Date(s) - Thursday, November 22, 2018
7:30 pm - 9:00 pm
Toronto Botanical Garden
Botanical gardens have a long and fascinating history, and are constantly evolving to address contemporary needs. In the past 40 years they have increasingly focused on plant conservation and human well-being. Conservation work by botanical gardens is as diverse as the gardens themselves and, among other things, includes seed banks, plant collections, ecological restoration and education on the importance of plant diversity for economic, medicinal and cultural purposes. Dr. David Galbraith from Royal Botanical Gardens will present inspirational examples of botanical gardens that have embraced their new conservation role.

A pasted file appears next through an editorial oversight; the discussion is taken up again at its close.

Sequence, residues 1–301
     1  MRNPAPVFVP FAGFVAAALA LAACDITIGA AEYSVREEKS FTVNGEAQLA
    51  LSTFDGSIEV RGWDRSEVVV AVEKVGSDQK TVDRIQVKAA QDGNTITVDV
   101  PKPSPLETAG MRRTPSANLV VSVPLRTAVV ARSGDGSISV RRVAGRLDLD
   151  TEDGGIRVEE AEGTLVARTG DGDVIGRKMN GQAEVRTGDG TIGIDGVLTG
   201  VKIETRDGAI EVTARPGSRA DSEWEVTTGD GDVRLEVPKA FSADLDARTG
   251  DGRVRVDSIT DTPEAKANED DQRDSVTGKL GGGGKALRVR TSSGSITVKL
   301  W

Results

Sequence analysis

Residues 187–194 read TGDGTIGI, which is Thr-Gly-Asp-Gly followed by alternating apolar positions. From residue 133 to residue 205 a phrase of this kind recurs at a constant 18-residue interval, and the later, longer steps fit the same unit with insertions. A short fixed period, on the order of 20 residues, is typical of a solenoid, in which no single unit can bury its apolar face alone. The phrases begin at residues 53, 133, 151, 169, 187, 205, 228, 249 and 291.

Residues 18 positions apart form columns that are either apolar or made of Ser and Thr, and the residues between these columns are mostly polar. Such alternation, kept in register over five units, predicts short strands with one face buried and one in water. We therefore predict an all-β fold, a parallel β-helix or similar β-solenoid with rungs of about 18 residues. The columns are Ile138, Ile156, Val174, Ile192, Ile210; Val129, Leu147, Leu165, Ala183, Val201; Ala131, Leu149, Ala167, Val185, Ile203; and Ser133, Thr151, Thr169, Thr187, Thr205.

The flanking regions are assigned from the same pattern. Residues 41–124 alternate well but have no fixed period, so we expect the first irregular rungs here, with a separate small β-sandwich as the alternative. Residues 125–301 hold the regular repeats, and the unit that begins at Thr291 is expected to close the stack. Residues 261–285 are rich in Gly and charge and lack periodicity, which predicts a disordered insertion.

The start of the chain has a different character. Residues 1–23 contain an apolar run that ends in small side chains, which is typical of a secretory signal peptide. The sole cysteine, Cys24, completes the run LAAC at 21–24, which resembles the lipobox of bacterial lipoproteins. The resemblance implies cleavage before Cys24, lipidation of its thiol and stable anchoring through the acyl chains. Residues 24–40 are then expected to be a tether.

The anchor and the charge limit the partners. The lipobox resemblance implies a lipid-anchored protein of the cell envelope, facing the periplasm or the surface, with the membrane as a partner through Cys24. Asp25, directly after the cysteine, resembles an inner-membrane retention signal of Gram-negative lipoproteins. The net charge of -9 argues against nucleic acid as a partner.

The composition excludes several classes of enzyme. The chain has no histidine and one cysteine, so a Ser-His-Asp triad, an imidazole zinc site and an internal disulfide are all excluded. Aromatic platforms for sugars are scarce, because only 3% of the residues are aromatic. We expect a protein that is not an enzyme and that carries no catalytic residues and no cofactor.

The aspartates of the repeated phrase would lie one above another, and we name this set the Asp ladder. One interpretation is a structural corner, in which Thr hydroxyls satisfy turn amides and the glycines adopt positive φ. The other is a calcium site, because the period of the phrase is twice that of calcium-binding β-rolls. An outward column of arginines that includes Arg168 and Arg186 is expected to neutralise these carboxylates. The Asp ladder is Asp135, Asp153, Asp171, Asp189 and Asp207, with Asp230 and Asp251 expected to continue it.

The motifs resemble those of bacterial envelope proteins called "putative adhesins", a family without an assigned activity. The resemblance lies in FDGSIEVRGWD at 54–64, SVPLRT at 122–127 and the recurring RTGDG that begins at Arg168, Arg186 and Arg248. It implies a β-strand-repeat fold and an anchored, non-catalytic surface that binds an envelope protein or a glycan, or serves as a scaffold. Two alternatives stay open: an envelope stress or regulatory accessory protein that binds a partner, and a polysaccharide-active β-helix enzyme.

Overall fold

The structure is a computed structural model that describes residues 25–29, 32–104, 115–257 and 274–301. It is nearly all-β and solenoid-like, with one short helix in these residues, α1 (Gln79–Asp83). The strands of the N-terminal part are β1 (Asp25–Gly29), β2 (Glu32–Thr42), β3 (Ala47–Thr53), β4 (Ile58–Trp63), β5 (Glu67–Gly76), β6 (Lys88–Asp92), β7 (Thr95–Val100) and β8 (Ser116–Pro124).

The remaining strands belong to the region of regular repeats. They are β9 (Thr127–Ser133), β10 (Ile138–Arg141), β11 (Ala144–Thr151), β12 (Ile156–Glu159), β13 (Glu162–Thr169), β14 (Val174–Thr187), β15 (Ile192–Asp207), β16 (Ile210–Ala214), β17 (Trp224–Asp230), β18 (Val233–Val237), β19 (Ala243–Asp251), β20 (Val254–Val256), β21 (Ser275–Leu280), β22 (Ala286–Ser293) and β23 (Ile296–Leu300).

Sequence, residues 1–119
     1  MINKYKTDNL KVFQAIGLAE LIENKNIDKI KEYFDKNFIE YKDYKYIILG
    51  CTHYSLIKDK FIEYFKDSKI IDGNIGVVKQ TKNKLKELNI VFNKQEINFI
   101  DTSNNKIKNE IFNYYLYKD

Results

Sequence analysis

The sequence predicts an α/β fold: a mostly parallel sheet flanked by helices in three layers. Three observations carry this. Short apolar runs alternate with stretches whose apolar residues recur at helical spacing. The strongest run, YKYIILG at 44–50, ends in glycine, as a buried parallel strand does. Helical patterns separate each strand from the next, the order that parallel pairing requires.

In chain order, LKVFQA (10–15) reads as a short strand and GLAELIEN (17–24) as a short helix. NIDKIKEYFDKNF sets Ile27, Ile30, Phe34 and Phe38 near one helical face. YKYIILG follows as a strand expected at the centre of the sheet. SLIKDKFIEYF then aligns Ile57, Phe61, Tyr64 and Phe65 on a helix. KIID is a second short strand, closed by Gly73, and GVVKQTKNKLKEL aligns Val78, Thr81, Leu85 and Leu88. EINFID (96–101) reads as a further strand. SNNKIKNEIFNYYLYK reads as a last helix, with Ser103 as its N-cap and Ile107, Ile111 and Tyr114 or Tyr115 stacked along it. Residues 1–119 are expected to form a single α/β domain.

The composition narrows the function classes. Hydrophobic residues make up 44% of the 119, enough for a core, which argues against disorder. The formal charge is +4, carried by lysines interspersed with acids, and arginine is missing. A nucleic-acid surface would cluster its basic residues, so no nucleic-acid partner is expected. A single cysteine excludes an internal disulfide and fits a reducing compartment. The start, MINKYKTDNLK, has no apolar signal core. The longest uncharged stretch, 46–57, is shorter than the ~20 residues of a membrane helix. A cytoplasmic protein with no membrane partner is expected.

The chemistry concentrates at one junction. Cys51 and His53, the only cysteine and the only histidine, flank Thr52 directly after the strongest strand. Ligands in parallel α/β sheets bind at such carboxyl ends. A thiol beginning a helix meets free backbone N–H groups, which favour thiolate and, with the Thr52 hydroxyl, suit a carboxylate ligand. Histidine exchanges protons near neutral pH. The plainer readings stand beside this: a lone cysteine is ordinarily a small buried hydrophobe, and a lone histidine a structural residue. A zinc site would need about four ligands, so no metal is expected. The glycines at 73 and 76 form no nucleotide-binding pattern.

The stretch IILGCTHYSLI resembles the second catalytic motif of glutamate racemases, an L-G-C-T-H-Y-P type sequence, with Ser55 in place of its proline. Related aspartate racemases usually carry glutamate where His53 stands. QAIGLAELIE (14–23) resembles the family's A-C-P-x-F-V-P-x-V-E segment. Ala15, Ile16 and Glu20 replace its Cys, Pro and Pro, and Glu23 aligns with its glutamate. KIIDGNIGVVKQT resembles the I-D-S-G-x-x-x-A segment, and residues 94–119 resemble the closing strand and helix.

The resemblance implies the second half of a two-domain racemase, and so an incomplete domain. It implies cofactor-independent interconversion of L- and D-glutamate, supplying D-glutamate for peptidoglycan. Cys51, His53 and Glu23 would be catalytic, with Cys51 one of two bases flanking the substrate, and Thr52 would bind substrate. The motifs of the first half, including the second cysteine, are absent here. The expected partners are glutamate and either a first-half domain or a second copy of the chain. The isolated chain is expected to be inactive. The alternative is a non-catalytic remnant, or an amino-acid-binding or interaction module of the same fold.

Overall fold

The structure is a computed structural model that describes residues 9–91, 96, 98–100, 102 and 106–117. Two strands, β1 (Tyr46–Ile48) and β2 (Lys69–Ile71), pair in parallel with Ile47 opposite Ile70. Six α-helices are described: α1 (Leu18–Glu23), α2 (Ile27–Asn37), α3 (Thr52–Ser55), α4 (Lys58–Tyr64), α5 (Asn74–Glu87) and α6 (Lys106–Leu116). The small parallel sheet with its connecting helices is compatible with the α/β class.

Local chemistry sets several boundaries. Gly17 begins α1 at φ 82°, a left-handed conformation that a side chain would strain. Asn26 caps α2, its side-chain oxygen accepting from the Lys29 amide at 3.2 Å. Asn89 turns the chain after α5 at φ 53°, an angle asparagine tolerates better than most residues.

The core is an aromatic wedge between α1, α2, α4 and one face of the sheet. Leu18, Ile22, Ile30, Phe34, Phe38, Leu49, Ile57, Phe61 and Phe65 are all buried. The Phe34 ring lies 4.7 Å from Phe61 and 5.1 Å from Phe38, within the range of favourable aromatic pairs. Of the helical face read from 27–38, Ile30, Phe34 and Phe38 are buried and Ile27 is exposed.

About the Speaker
Dr. David Galbraith is Head of Science at Royal Botanical Gardens. A graduate of University of Guelph and Queen’s University, David is a wildlife biologist by training and undertook nearly a decade of research on snapping turtles in Algonquin Park in the 1980s. At RBG since 1995, he is now responsible for research staff, the herbarium, archives and library, relationships with extramural researchers and universities, and projects on national and international conservation networking. He serves as National Focal Point for Canada for the Global Strategy for Plant Conservation, is an adjunct professor in the biology department at McMaster University, and is a Fellow of the Royal Canadian Geographical Society.